The Sapphires - trailer
Starring Deborah Mailman, Jessica Mauboy and Chris O'Dowd, The Sapphires tells the story of four young Koori songbirds heading to Vietnam to entertain the troops.PT2M34S http://www.canberratimes.com.au/action/externalEmbeddedPlayer?id=d-21ltf 620 349 July 6, 2012
While it was only in four cinemas in New York and Los Angeles, The Sapphires has had a solid opening in the United States.
The comic musical, about an Aboriginal girl group who rise from an outback mission to Vietnam War entertainers, took $US41,000 ($39,000) over the weekend.
The film is determined to muscle its way into your heart, which would have to be a lump of gristle to resist it.
After largely glowing American reviews, the Weinstein Company is due to roll out the film in at least 50 cities in a staged release over the coming weeks.
Deborah Mailman, from left, starred as Gail, together with Miranda Tapsell as Cynthia, Jessica Mauboy as Julie, and Shari Sebbens as Kay in The Sapphires.
When Harvey Weinstein bought the film, before it premiered at the Cannes Film Festival, he was upbeat. “These girls light up the screen as much as their music lights up the stage," he said. "We're thrilled to bring the stories and music from these sisters to audiences all over the world.”
The Sapphires went on to take a strong $14.5 million at the Australian box office, then swept the Australian Academy of Cinema and Television Arts Awards, winning 11 prizes including best film and best director for Wayne Blair.
Starring Chris O'Dowd, Deborah Mailman and Jessica Mauboy, the film has become what The Hollywood Reporter called a "festival darling" after winning a series of audience awards in the US and other parts of the world.
Chris O'Dowd, left, was worthy of an Oscar for his role in The Sapphires, according to Rolling Stone magazine.
The New York Times' A. O. Scott described it as "a solid, stirring song sung with more sincerity than polish" that turned such heavy issues as war, bigotry, alcoholism and family breakdown into "bouncy, spirited entertainment".
"Like The Sapphires themselves, the film is determined to muscle its way into your heart, which would have to be a lump of gristle to resist it," he wrote.
The well-known critic Leonard Maltin described The Sapphires as "a crowd-pleaser that balances irresistible R&B music hits, dynamic performances and comedy with the serious undercurrent of racial tension during a socially tumultuous period".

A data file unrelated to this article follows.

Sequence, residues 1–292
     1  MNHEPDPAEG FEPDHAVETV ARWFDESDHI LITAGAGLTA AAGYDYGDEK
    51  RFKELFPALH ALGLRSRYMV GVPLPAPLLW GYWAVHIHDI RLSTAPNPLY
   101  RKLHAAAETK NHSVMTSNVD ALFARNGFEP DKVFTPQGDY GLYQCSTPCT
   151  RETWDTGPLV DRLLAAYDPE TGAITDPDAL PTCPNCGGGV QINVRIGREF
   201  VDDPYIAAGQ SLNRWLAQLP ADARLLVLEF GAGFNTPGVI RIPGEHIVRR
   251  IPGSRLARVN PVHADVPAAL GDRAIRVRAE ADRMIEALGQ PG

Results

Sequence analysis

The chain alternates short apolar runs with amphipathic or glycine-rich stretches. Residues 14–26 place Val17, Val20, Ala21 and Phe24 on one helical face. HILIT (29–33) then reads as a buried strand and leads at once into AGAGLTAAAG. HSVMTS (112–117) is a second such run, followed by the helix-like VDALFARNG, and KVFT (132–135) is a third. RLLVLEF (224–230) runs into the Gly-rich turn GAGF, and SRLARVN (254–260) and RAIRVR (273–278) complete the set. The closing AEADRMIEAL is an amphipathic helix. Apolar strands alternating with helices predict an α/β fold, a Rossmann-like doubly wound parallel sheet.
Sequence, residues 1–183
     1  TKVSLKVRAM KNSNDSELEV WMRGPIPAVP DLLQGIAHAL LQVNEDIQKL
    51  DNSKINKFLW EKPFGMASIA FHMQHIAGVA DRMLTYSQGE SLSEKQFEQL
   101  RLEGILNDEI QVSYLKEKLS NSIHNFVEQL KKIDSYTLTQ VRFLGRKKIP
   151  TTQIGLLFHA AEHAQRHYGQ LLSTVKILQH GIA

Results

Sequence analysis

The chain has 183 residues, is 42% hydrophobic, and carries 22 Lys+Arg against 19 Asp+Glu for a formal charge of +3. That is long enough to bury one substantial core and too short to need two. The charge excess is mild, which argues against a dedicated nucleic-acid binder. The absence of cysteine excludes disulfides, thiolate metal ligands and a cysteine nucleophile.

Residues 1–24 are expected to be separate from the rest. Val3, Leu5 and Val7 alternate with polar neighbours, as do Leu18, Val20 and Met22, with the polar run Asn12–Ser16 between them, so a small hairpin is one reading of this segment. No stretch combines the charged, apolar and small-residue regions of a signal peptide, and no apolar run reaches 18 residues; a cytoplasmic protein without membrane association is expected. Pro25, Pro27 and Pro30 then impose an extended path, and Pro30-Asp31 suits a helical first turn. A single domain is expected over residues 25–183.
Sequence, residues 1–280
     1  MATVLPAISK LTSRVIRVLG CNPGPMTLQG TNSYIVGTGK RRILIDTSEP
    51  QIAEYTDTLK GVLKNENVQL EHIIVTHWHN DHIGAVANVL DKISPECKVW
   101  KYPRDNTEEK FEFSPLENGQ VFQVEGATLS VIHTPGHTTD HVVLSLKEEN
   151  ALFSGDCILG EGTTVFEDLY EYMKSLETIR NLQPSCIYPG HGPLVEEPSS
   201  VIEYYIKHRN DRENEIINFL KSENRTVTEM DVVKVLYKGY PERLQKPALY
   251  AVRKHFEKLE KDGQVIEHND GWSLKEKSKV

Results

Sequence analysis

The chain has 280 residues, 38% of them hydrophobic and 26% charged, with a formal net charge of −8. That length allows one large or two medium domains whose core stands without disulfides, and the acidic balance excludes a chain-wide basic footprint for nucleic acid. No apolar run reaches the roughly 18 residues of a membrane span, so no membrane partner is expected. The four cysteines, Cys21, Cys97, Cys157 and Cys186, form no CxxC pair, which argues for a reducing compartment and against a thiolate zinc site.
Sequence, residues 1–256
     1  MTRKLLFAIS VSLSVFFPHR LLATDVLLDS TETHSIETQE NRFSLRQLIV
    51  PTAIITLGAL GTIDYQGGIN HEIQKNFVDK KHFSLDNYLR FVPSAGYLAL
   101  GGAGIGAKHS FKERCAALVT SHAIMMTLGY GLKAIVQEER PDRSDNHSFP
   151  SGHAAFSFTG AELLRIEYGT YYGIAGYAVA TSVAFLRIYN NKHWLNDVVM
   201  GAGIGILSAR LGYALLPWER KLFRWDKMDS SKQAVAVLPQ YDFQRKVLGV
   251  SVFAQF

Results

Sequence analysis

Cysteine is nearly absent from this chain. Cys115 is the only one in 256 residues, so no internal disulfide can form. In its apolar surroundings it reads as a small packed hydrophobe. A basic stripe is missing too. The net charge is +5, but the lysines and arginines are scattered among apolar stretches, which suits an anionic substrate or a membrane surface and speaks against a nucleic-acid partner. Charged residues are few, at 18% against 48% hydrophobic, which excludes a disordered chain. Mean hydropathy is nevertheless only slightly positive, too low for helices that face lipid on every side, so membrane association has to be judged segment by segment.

And while he thought some of the story points were heavy-handed, Maltin called it "a feel good movie of universal appeal" with enough social history to give it substance.
"I hope word-of-mouth is strong enough to win it the audience it deserves here in the States," he wrote.
Rolling Stone's Peter Travers raved about O'Dowd's performance as the band's boozy manager as deserving of Oscars attention.
"The transitions don't work, sometimes it gets sentimental but this music! Can you hear Motown now in your head? ... You can't stop but being happy. It just puts a smile on your face that you can't wipe off."
The New York Post's Sara Stewart said the film was mostly snappy and fresh, even it had a "shaggy structure".
"It's so much fun you won't mind much and and most viewers will be completely new to this eye-opening story of how some feisty Aussies made their musical mark in Vietnam."
There has also been plenty of Hollywood affection for The Sapphires with director Steven Soderbergh telling one interviewer that he encouraged Blair while they worked together on the play Tot Mom for the Sydney Theatre Company.
"It sounded to me like a really great movie idea: it was visual, it had music in it, it was an interesting time period, there was a political aspect to it that's totally underneath everything just because of who these women were and the time period," he said.
And on Twitter, Judd Apatow recommended the trailer to his 900,000 followers, while Hugh Jackman told his 2.1 million followers it was "a real feel good Aussie film".